Music meets dance at the feet of North Carolina Youth Tap Ensemble

Michelle Dorrance by Matthew Murphy and Kenn Tam

Tap shoes and bare feet beating on the floor, and hands beating, bare, and with sticks, shakers and drums. At opening night for the North Carolina Youth Tap Ensemble’s Gotta Dance at Carolina Theater in Durham, everything was copacetic.

Dancers of NCYTE

The Chapel Hill based company made up of 40 dancers from the triangle and beyond was complemented by guests Michelle Dorrance and Travis Knights. The show was a great mix of styles, with everything from classics to cutting edge contemporary pieces.

Saturday, the live jazz trio played the dancers on stage with Take the ‘A’ Train for the first dance, a classic by Charles ‘Honi’ Coles. Most of the company, ages ranging from 9 to 18, filled the stage with increasingly fast tapping in wonderful unison.

Guest Michelle Dorrance, former NCYTE member and recent Bessie Award recipient, choreographed several of the company’s dances. The innovation in choreography that earned her the award was apparent right away. In the first, to Fiona Apple’s Extraordinary Machine, the dancers moved rhythmically around the stage, gracefully ape-like, dancing as much with their torsos as with their feet. That was followed with a charming wobbly-legged rag doll duet, one of my favorites of the night. All of Dorrance’s work is active and exciting; dancers slide, jump and scoot, and use their whole bodies while producing dynamic rhythms.

Michelle Dorrance by Matthew Murphy and Kenn Tam

Another piece of innovation was a dance choreographed by Derick Grant to Vivaldi’s Concerto for Two Violins and Cello in D Minor. A couple tap danced on each side of a dark stage under a spotlight. Feet flying to the classical music, they never moved from under the bright light, creating the interesting effect of a black and white photo or a memory.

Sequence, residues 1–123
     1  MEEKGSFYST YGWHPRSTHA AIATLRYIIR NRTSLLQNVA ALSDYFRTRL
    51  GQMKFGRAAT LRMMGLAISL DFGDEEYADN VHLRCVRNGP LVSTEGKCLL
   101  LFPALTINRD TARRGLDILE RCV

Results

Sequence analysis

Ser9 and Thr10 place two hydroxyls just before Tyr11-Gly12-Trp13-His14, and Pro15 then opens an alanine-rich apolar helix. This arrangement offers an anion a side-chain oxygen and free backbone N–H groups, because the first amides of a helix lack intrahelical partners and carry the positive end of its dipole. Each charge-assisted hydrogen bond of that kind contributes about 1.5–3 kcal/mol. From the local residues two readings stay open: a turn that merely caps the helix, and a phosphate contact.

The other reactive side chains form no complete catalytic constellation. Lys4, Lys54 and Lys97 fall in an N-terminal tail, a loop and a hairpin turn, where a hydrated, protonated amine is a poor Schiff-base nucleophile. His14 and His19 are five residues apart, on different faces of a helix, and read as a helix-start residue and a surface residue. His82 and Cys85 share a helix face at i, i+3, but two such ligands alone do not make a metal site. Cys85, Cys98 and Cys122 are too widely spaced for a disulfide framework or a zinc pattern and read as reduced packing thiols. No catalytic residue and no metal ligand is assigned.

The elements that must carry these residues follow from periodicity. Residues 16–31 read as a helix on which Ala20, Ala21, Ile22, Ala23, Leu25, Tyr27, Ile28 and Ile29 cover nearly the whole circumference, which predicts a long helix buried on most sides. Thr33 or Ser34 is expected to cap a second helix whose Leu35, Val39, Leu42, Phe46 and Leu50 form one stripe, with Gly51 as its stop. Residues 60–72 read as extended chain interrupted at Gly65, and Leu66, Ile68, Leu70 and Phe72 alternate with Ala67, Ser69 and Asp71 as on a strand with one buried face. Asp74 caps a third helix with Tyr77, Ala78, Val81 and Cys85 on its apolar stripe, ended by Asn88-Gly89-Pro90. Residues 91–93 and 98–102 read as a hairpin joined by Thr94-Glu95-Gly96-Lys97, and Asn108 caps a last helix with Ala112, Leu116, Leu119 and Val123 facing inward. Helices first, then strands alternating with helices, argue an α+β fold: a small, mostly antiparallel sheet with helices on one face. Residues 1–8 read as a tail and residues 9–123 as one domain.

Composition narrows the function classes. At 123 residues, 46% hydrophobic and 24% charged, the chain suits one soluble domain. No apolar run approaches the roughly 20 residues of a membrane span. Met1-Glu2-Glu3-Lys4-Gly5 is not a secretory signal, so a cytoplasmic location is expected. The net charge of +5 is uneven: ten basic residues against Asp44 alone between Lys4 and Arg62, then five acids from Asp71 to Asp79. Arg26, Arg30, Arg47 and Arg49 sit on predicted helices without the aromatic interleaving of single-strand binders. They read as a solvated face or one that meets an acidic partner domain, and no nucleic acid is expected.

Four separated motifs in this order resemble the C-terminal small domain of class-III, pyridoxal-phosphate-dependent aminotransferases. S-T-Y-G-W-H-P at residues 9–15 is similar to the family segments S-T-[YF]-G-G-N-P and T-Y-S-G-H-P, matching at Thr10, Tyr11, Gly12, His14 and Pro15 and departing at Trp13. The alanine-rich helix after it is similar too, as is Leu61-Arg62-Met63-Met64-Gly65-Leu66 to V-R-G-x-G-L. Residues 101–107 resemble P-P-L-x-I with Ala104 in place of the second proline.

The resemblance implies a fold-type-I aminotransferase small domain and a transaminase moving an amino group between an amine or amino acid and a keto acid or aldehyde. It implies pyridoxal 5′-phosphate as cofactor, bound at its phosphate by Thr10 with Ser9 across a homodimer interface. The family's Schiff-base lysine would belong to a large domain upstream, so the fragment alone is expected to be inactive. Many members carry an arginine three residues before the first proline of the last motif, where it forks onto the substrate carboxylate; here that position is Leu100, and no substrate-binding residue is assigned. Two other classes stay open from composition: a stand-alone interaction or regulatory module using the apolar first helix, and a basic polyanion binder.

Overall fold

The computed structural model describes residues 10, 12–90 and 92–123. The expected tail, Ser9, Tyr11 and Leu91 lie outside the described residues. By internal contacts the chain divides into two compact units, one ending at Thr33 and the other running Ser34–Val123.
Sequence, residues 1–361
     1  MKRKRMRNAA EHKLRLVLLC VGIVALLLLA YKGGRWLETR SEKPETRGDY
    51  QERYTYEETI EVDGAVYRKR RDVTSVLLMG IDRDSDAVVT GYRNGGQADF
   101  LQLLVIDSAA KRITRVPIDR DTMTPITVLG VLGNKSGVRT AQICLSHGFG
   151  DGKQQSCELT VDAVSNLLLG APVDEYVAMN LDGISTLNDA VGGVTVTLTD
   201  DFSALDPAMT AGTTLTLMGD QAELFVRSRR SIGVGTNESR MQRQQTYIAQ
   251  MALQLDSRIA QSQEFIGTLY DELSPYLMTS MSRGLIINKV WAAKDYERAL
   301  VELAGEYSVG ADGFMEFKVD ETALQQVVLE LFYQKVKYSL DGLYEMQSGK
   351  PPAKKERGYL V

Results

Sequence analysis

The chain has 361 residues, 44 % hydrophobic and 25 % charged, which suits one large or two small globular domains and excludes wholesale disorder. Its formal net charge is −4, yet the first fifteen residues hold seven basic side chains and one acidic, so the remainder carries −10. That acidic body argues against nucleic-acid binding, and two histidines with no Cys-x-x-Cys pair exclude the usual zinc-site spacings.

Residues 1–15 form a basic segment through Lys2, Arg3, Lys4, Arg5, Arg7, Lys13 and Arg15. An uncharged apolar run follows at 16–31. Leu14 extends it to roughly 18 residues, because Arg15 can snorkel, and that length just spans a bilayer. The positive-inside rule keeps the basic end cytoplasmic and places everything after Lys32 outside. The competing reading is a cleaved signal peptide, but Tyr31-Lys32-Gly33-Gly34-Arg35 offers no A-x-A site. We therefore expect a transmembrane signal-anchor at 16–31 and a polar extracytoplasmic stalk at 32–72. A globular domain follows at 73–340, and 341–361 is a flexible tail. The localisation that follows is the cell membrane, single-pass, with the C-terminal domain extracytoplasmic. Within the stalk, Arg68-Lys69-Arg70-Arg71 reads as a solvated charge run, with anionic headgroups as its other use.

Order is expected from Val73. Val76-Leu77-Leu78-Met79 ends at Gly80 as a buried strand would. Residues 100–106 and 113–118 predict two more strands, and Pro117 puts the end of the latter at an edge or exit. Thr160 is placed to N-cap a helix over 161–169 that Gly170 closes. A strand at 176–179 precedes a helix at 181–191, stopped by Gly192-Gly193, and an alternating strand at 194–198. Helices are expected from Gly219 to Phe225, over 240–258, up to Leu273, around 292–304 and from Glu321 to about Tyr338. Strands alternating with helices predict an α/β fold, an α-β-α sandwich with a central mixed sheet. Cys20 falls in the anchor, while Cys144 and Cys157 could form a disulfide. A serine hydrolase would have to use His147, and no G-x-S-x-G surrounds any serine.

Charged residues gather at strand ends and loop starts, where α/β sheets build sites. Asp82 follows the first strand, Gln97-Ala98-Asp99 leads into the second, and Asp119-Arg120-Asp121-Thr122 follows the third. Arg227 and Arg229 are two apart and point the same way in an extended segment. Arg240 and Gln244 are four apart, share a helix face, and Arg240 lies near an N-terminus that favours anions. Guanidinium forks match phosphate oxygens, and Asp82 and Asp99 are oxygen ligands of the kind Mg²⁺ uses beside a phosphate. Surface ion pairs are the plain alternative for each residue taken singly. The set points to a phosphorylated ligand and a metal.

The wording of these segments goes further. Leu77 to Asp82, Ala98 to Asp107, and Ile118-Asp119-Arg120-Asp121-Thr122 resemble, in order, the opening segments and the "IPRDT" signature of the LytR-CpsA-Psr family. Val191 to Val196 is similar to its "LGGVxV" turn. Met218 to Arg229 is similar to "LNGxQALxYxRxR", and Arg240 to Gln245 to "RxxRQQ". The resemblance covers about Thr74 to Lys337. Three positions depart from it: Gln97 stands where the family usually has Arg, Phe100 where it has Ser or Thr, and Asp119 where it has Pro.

A piece from the repertoire since 1999 that I will never tire of is Song for My Father, choreographed by Margaret Morrison. The movement and rhythms were smooth and seemed to glide across the floor without disturbing it. After the music faded away it was replaced by the dancers beating a primal rhythm with drum, a shaker, and an unidentified percussive thing, while taking turns dancing solo improvisations.

The Stair Dance was a duet on and up and down two sets of stairs. Sisters Treva and Amanda Hickey (ages 10 and 14) never flinched as they leaped from the top step to the bottom and tap-toed quickly back up.

The older members, and some of the younger ones showed their own style in short improvised solos throughout the evening. This was their chance to show off “tricks” and speed, as well as intricate understanding of the music and rhythms. Their commitment to study and practice, mixed with passion and creativity make them top-notch performers.

Guest tap dancer and all-around performer Travis Knights engaged the audience with a story of how he came to tap, and dedicated his dance to the memory of Sammy Davis Jr. He went from a funny rendition of Me and My Shadow with a French(Montreal) accent to some serious tapping, playing with the audience and the band.

Travis Knights

Michelle Dorrance danced Two to One, with Mishay Petronelli, to Aphex Twin by Nannou. Petronelli was shoeless, the two of them were in black tulle. Side by side they began to move slowly, feet first. Dorrance’s artistic expression has created something without a category – a percussive modern dance. It would have been equally at home and well-received at the American Dance Festival. After Petronelli left the stage, Dorrance broke it down tapping her trademark slides and footwork.

The dancers of NCYTE have performed all over the world, and will be heading to Chicago for the big tap festival The Chicago Human Rhythm Project this summer, where they’ll meet up with some of the world’s greatest tappers and learn new dances.

I’ve been watching NCYTE for over a decade now, and many dancers have come and gone, each with his or her own style. Some things haven’t changed, though. The level of performance, professionalism and skill has remained consistent, as well as the dancers’ graceful confidence under the leadership of artistic director Gene Medler.

If you want to see what it looks like when the music and dance become inseparable, go see NCYTE. Your last chance to catch them on the stage this season is Sunday, April 29 at 2:00 at the Carolina Theater in Durham. Gotta Dance!

Graduating seniors from left to right, Taylor Hartzog, Caroline Vance, Isabelle Carson DeWitt, Sam Hickey


by Denise Cerniglia

By Denise Cerniglia

Postmodern experientialist of the arts. Follow my public posts on Facebook at to keep up with mostly dance, some opera and classical music happenings. Also, visit my dance photo blog at


  1. That sounds awesome! I love that there are folks out there creating category-less dances like “percussive modern!”

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